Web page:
The Role of Non-Equilibrium Processes in Galaxy Clusters

Wong, Ka-Wah, Department of Astronomy, University of Virginia
Sarazin, Craig, Department of Astronomy, University of Virginia

This thesis studies non-equilibrium processes in clusters of galaxies. On a small scale, we studied observationally a cooling core cluster with AGN feedback; on a large scale, we studied theoretically non-equilibrium processes in cluster accretion shock regions. XMM-Newton and Chandra observations of Abell 2626 are presented. We do not find an obvious correlation between the radio bars and the X-ray image. We suggest that the two symmetric radio bars can be explained by two precessing jets ejected from an AGN. We argue that Abell 2626 is preferentially accreting subclusters and groups from large-scale structure filaments. We also find evidence that the S0 galaxy IC 5337 is infalling toward the cluster center from the west. Electrons and ions which pass through an accretion shock may not achieve equipartition due to the long Coulomb collisional timescale in the low density environment. We have studied the non-equipartition effects in the outer regions of relaxed clusters using one-dimensional hydrodynamic simulations. We find that in the ΛCDM universe, non-equipartition effects are larger for clusters at higher redshifts and with higher masses. We also present in detail the X-ray and Sunyaev–Zel'dovich (SZ) signatures of non-equipartition. The impact of non-equipartition effects on cosmological parameter estimation from SZ surveys is studied. We find that non-equipartition can bias the cosmological parameters Ω M , σ 8 , and the dark energy equation of state parameter w by a few percent. In particular, non-equipartition effects can introduce an apparent evolution in w. Non-equilibrium ionization (NEI) effects in the outer regions of relaxed clusters are also studied. We find that NEI effects do not depend on cluster mass but iniv crease as redshift decreases, which can be understood by self-similar arguments. The most prominent NEI signature we found is the O VII and O VIII line ratio, which is different by more than an order of magnitude for NEI and collisional ionization equilibrium (CIE) models at radii beyond half of the shock radius. We conclude that a ∼130–220 ksec exposure on a moderate-redshift, massive regular cluster with the International X-ray Observatory (IXO) should provide a strong test for the NEI model by measuring this line ratio.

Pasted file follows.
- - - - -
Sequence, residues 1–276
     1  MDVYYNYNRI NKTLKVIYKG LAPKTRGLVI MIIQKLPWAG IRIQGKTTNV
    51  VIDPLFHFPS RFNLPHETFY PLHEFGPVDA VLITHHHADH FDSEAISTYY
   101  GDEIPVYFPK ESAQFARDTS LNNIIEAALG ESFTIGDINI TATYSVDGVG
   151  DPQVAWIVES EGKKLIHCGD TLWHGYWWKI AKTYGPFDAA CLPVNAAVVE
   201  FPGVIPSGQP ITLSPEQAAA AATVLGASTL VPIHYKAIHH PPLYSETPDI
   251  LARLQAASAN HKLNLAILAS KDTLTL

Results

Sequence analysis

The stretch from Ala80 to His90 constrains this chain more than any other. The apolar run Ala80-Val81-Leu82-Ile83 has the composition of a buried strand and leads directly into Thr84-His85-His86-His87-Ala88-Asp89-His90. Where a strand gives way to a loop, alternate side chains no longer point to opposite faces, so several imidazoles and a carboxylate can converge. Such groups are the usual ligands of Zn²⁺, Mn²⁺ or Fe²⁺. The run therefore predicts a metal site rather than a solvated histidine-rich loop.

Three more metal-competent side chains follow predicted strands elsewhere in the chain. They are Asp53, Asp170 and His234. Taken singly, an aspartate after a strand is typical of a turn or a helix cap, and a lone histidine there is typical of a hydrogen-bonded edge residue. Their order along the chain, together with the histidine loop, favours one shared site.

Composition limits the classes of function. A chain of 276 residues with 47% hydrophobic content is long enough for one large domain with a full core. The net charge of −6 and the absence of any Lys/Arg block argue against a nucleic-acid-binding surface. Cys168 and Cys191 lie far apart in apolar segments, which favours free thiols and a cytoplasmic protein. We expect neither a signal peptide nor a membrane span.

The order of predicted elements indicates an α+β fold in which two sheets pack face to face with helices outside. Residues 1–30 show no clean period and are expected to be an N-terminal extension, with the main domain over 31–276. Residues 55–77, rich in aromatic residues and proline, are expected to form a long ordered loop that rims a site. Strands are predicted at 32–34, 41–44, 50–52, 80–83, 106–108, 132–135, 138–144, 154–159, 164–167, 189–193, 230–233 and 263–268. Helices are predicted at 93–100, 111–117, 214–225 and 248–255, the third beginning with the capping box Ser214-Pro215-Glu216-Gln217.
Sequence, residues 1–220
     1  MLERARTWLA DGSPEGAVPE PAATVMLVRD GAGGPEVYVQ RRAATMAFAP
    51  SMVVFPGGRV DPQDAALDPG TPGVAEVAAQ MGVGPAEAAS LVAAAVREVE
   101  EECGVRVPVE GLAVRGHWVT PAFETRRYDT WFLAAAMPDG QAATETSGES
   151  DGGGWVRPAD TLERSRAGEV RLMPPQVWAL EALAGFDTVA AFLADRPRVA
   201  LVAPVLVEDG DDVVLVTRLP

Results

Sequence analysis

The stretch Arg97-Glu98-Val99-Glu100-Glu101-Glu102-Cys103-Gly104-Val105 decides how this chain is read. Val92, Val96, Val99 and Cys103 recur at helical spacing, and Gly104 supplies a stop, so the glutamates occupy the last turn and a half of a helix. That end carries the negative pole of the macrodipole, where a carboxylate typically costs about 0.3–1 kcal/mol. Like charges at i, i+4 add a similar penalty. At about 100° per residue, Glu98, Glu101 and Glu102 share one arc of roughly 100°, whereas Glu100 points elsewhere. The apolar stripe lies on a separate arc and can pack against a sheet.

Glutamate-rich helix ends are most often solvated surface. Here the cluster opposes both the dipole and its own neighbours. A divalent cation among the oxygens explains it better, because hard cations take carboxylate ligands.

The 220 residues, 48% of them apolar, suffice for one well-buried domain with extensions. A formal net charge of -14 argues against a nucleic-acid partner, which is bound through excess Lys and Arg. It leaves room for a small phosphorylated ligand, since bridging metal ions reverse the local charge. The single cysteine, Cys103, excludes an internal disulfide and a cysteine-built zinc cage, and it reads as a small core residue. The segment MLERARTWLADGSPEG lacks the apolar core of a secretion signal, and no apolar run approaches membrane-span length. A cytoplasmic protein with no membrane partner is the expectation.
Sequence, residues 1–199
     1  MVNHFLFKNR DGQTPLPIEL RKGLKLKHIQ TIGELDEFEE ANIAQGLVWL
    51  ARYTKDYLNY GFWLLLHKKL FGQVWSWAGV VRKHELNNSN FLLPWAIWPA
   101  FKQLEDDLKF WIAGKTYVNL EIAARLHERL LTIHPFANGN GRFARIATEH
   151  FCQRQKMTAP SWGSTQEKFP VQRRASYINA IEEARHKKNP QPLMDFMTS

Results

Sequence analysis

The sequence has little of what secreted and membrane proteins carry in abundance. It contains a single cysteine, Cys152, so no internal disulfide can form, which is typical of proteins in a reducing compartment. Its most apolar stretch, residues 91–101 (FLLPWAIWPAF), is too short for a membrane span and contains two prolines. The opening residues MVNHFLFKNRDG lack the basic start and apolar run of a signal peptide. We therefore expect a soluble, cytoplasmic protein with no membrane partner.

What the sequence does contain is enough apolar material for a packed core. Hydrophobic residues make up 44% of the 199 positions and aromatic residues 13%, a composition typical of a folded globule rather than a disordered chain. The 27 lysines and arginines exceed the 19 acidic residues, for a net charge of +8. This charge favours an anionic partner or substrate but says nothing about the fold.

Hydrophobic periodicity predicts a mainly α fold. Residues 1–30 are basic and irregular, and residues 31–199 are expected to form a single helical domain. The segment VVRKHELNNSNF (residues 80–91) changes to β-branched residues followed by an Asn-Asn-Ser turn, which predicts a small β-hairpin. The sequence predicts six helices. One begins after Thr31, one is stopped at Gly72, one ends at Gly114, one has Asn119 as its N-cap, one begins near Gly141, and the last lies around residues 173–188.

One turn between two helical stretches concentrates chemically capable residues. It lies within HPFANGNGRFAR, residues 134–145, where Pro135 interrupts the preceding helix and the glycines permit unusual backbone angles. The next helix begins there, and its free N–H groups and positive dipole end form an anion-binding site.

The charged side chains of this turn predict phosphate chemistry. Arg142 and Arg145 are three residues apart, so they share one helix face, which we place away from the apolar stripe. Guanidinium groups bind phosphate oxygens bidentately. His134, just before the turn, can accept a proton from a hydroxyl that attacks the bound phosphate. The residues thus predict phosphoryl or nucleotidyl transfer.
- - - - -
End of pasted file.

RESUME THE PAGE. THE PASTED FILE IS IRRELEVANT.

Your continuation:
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PHD (Doctor of Philosophy)
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